Dear Previous Jess. Without you, I’m nothing.

Dear Previous Jess. Without you, I’m nothing.


I recently got my mother to send me some photos that my father took of me while in hospital for surgery at 13. I was going to share them with a small group of friends at a birthday party that had a slide party theme. Everyone was invited to share a collection of photos with a theme of their choice. I had always hated and been ashamed of those photos as a teen and young adult. At 34 I was ready to see the value and potential for brilliant story telling that was implicit in each of the hospital photos.


This is how it should be for all children and young people who have experienced medically invasive experiences and chronic illnesses. The other day I read a story from The Daily Mail of a mother who wrote about organizing her Autistic sons first sexual experience. The young man’s voice was not given space to speak. It was his mother telling a story that she really had no business sharing. It made me feel sick with sympathy for the son who should have been given more dignity and consideration that he received, especially from someone who was meant to love and respect him the most. I have many brilliant friends involved in and trail blazing the disability rights activism and they talk about this in great detail. I hope they keep it up because there are a great many people who need to understand the importance of the term ‘’Nothing about us. Without us.’’ A phrase used by the disability activists for many many years.

It is a mantra that basically means if you are telling a person’s story, a person with a particular medical condition or disability and you are not someone with direct experience, it is probably best to consult people with first hand experience and perhaps pay them to tell their story if they want. You will get a much better story. Something too good to be published in The Daily Mail.

A friend on facebook recently showed a photo of her six year old son getting air lifted into a helicopter to be taken to a big city hospital as he was experiencing some problems. I saw the look on that child’s face and nearly started to cry. He looked so scared. I understand that parents get worried and scared about their children and perhaps social media is a way of getting some much needed support. Even if that child’s parent had asked permission from the child, it makes me uncomfortable. Your child loves you and wants to please you. They are not able to give informed consent, that is why schools have permission slips that go to the child’s guardian.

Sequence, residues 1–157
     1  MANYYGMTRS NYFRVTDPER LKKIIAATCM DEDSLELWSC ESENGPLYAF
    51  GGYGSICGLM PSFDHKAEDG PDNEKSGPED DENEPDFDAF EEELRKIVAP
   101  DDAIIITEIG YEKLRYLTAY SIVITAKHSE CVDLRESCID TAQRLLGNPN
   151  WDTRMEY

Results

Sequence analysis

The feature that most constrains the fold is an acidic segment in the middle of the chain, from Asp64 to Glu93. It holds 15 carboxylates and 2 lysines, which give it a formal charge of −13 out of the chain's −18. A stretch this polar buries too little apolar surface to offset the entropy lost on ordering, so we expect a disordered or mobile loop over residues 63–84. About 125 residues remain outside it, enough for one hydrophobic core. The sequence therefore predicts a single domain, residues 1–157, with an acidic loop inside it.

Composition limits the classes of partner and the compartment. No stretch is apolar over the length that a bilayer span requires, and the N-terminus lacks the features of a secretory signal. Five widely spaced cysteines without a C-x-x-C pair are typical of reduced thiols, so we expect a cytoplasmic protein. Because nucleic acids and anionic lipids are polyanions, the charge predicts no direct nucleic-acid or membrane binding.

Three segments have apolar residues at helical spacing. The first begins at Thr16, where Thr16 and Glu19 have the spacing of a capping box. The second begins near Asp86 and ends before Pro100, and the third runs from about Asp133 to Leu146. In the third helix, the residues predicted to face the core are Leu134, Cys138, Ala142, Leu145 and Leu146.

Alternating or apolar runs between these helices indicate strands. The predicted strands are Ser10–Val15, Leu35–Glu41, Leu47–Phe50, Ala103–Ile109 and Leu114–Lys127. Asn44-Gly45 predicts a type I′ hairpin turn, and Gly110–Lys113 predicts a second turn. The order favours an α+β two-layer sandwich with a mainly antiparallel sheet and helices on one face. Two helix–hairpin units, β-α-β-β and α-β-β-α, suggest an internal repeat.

I just feel like perhaps there are ways of getting that support that do not include betraying the privacy of the child. This child is not going to have the experience that I did. The experience of growing up and kicking ass at life and then coming to their own conclusions and decisions as to whether they want to share these certain experiences with others.

I am so grateful that my parents did document that particular time. I am grateful that they kept them private and always asked me first before getting them out to show people. I must confess that I never allowed them to be taken out to show people. To have that autonomy over my own experiences  didn’t seem like a big deal back then. Now, though with the internet and growing numbers of parents showing their children’s development and mishaps online, I am filled with relieved gratitude.


Perhaps this wont be an issue for the next generation. Perhaps they will take growing up being documented on social media in their stride. All of my dismay and proverbial pearl clutching over children’s private experiences being kept private until they choose otherwise will seem antiquated and lame to the next wave of humanity.